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Jonathan Erickson

Dr. Dobb's Bloggers

Facebook and Open Source

June 02, 2008

From time to time, Bob Bickel, founder of Ringside Networks , shares some some really interesting thoughts. Here's his latest on Facebook, Open Source, and Social Networking.

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Facebook continues to look like the Microsoft of the Social Networking industry with this latest move of creating an open source project -- fbOpen . Open, but not really.

The license they chose is CPAL , and there is an excellent review of what this means. The poison pill in this license agreement is that anyone using the Facebook code as part of something else, and puts that up on a website, would need to make all of the code open source. So if MySpace used this code to support Facebook applications, then MySpace would have to open source their entire platform (unless Facebook cuts a private deal with them).

 

This says that Facebook only wants developers to see the code for the sole purpose of making Facebook applications that run on Facebook. 

 

Until further clarification from Facebook, Ringside will keep our Facebook API implementation free from any of this viral CPAL code that Facebook has released. The LGPL license we use lets anyone use and embed our Facebook API, JS, FQL and FBML implementations in whatever way they want without any obligations, other than contributing any code changes they make back to the community.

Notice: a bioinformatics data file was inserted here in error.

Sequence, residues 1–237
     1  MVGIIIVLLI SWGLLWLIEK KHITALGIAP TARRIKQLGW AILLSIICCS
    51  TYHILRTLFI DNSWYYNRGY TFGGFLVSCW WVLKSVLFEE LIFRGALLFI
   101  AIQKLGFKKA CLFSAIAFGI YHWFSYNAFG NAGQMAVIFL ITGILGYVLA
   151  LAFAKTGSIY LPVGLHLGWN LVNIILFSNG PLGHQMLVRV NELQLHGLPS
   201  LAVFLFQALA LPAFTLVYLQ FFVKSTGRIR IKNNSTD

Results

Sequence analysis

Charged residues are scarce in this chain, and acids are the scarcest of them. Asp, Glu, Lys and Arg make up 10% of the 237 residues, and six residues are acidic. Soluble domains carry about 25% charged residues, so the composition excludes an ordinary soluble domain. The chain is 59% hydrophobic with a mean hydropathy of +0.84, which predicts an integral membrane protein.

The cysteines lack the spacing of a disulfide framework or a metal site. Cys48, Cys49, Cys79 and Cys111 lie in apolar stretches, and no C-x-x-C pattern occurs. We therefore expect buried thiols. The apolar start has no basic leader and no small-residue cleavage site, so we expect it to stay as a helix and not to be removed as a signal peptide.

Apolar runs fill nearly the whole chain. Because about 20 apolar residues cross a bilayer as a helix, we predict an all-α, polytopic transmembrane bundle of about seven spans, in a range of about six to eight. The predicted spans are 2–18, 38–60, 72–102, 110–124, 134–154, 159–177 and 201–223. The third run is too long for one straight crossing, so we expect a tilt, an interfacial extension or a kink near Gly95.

My suggestion is to let your voice be heard by Facebook to make their platform true open source either with LGPL or with Apache license, as the Open Social reference implementation Shindig does. We had all expected more from Facebook, and this is truly disappointing.

  

For another Ringside perspective, see my colleague Shaun Connolly’s post -- Facebook Counters Google's OpenSocial with fbOpen .

 

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Subsequent to original  Bob's posting, he heard from Facebook's Ami Vora who corrected Bob on a thing or two. Apparently, Bob says,  the CPAL only applies to open sourcing the files that are changed. So if a classs is extended, or the database logic is put into an API call, then that gets open sourced under the CPAL as well. 

Bob adds that this make sense and is similar to the LGPL license that Ringside Networks uses, with the incremental requirement of giving attribution. Since the GPL folks do not like the MPL/CPAL license, then Ringside will have to evaluate whether they also shift to the CPAL license.


Thanks Bob. Thoughts anyone?

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